"Come in. Come in." Mr Goldfinger positively welcomed them. Mark you, he may have been tipped off by his bank manager or someone, but that factory was entirely devoted to designing a cheap alloy for jewellers' findings - trying out unusual metals like aluminium and tin instead of the usual copper and nickel and palladium that are used in gold alloys. There were traces of gold about, of course, and furnaces to heat up to two thousand degrees and so forth, but after all Goldfinger was a jeweller and a smelter in a small way, and all this was perfectly above-board. The Gold Squad retired discomfited, our legal department decided the brown dust in the trawler's timbers was not enough to prosecute on without supporting evidence, and that was more or less that, except' - Colonel Smithers slowly wagged the stem of his pipe -'that I kept the file open and started sniffing around the banks of the world.'

Colonel Smithers came over. 'Fivers,' he commented. 'Just come up from our printing works at Loughton.'

'It's a long story. Briefly, India is shorter of gold, particularly for her jewellery trade, than any other country.'

'All right,' said Bond. 1 think I've got the picture. Now what's your particular problem?' He sat back and lit a cigarette. He was greatly looking forward to hearing about Mr Auric Goldfinger.

'Isn't all this only a temporary phase? Why should this shortage of gold go on? They seem to be digging it out of Africa fast enough. Isn't there enough to go round? Isn't it just like any other black market that disappears when the supplies are stepped up, like the penicillin traffic after the war?'

'All right,' said Bond. 1 think I've got the picture. Now what's your particular problem?' He sat back and lit a cigarette. He was greatly looking forward to hearing about Mr Auric Goldfinger.

The telephone rang. Colonel Smithers impatiently snatched up the receiver. 'Smithers speaking.' He listened, irritation growing on his face. 'I'm sure I sent you a note about the summer fixtures, Miss Philby. The next match is on Saturday against the Discount Houses.' He listened again. "Well, if Mrs Flake won't play goals, I'm afraid she'll have to stand down. It's the only position on the field we've got for her. Everybody can't play centre forward. Yes, please do. Say I'll be greatly obliged if just this once. I'm sure she'll be very good - right figure and all that. Thank you, Miss Philby.'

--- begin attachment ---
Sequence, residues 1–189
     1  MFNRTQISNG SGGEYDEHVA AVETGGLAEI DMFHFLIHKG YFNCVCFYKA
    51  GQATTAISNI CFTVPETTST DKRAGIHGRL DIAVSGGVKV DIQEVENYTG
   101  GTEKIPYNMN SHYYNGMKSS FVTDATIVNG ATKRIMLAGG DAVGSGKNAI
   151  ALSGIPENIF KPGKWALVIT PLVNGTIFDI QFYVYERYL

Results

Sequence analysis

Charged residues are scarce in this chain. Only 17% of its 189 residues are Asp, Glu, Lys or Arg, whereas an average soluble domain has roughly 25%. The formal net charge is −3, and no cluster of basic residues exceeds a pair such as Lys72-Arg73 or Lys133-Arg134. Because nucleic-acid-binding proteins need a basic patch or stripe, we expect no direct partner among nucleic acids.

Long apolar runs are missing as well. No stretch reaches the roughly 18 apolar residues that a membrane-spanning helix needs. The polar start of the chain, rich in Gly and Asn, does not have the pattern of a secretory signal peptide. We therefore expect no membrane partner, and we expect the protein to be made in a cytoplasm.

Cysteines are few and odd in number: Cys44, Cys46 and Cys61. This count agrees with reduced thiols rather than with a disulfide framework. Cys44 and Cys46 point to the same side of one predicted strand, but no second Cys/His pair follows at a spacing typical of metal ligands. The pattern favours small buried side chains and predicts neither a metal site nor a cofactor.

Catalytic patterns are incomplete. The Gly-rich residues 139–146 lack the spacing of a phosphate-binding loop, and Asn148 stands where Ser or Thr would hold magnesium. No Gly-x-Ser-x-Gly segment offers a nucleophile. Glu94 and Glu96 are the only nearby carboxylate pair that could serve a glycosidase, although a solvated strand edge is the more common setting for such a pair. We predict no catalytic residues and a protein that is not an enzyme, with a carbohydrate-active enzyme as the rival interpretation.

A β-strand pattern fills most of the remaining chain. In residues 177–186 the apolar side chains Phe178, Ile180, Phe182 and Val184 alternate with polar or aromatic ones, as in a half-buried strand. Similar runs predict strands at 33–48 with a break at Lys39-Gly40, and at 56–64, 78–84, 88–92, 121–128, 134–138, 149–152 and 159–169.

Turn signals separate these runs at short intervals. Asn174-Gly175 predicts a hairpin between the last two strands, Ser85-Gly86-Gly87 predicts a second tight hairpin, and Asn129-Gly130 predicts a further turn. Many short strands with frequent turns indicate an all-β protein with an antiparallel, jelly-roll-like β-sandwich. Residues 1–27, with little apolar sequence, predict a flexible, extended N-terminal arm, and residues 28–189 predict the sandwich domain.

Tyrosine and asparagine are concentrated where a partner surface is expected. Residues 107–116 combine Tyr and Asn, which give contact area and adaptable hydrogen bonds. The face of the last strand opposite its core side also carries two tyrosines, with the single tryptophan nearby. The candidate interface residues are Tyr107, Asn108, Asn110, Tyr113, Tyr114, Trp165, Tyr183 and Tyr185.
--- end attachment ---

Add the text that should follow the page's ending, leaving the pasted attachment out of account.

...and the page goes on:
THOUGHTS IN A DB III

'I'm afraid not, Mr Bond. It isn't quite as easy as that. The population of the world is increasing at the rate of five thousand four hundred every hour of the day. A small percentage of those people become gold hoarders, people who are frightened of currencies, who like to bury some sovereigns in the garden or under the bed. Another percentage needs gold fillings for their teeth. Others need gold-rimmed spectacles, jewellery, engagement rings. All these new people will be taking tons of gold off the market every year. New industries need gold wire, gold plating, amalgams of gold. Gold has extraordinary properties which are being put to new uses every day. It is brilliant, malleable, ductile, almost unalterable and more dense than any of the common metals except platinum. There's no end to its uses. But it has two defects. It isn't hard enough. It wears out quickly, leaves itself on the linings of our pockets and in the sweat of our skins. Every year, the world's stock is invisibly reduced by friction. I said that gold has two defects.' Colonel Smithers looked sad. 'The other and by far the major defect is that it is the talisman of fear. Fear, Mr Bond, takes gold out of circulation and hoards it against the evil day. In a period of history when every tomorrow may be the evil day, it is fair enough to say that a fat proportion of the gold that is dug out of one corner of the earth is at once buried again in another corner.'

The telephone rang. Colonel Smithers impatiently snatched up the receiver. 'Smithers speaking.' He listened, irritation growing on his face. 'I'm sure I sent you a note about the summer fixtures, Miss Philby. The next match is on Saturday against the Discount Houses.' He listened again. "Well, if Mrs Flake won't play goals, I'm afraid she'll have to stand down. It's the only position on the field we've got for her. Everybody can't play centre forward. Yes, please do. Say I'll be greatly obliged if just this once. I'm sure she'll be very good - right figure and all that. Thank you, Miss Philby.'

'Isn't all this only a temporary phase? Why should this shortage of gold go on? They seem to be digging it out of Africa fast enough. Isn't there enough to go round? Isn't it just like any other black market that disappears when the supplies are stepped up, like the penicillin traffic after the war?'